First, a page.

Table 1 – Yearly Revenue Tracking Document

Project 20152016201720182019
Project A            –            –$159,220$161,198$349,413
Project B$700,000$1,188,626            –    $3,803    $7,571
Project C            –$164,516$80,986$165,150$336,235
Project D            –            –  $31,540$187,170$269,503
Project E            –            –$121,638  $63,628$267,235
Project F  $36,587  $79,329$171,318$124,707$235,230
Project G$170,469$196,984  $94,399  $73,941$204,308

Truth be told, once you have a table like this, it’s likely to raise more questions than it answers — and that’s a good thing:

“How did Project A’s revenue jump so much in the last year?”

“What happened to Project B?”

“What caused the turnaround for Project G?”

You and your team likely already know the answers to these questions individually, but you may have not looked at them in the aggregate and seen the trends that may be emerging. That brings us to the next step…

B) Digging Deeper

While this yearly-revenue tracking is a good start, you can go even deeper when you pull in each project’s revenue breakdown. This will allow you to see how certain projects are more reliant on foundation funding, or that “high-growth” projects typically grow due to increased government funding.

When we pull in this kind of data, we can break things down in a few different ways:

Table 2 – Project X Revenue Type by Year

Individual Contributions$27,638$36,866$44,208
Foundation and Corporate Funds$274,963$79,429$140,102
Government Funding$           –$6,625$7,487
Other Revenue$2,750$3,299$275
Event Revenue$7,271$21,926$70,044


Table 3 – Projects Revenue Type in Year X

DescriptionProject AProject BProject C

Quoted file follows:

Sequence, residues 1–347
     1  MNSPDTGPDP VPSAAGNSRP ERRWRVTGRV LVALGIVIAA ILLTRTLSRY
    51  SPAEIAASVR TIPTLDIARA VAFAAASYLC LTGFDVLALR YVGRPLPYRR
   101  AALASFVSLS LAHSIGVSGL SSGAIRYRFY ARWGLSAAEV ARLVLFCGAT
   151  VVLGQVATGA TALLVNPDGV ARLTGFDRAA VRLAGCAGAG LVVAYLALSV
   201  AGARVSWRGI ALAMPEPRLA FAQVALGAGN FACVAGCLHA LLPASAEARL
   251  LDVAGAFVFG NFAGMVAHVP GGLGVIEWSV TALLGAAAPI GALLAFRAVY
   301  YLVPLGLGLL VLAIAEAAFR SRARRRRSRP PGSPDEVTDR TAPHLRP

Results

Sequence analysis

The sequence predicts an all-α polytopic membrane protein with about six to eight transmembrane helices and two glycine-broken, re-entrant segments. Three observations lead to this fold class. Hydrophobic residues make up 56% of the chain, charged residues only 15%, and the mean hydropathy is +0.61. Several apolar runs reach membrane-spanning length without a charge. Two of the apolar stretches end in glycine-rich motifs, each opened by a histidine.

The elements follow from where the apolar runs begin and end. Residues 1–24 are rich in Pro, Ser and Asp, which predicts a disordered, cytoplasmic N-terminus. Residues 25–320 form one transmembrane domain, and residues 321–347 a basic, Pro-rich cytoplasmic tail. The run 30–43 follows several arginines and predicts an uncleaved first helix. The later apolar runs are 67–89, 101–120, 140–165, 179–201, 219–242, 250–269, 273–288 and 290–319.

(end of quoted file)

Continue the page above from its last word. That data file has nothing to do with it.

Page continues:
Individual Contributions $352,984 $266,082 $34,565
Foundation and Corporate Funds $1,359,494 $796,444 $1,427,147
Government Funding $          –   $          –   $          –  
Other Revenue $20,000 $86,306 $475
Event Revenue $          –   $4,500 $33
Total $1,732,478 $1,803,931 $1,522,966

Table 2 gives you insight into why a project may be growing or declining, year over year. And Table 3 can be used to find commonalities in revenue types between types of projects, such as in this case with projects with revenue above $1 million.

Are we having fun yet?

At this point, hopefully you’re seeing some patterns among your projects. And in the final post in this series, we’ll get into applying further categorization to your projects and how that can get us closer to our goal of understanding how we can meaningfully project our revenue for next year and what are the implications of that for our organization.

About Josh Clement: Josh Clement is the former Grants and Development Manager at Strong City Baltimore. While at Strong City, he designed a new approach to financial analysis, which he has since brought to others in our sector. He’s partnered with Schulman Consulting to share his expertise and knowledge. He’s also currently earning his Masters in Public Policy at the Humphrey School for Public Affairs at the University of Minnesota.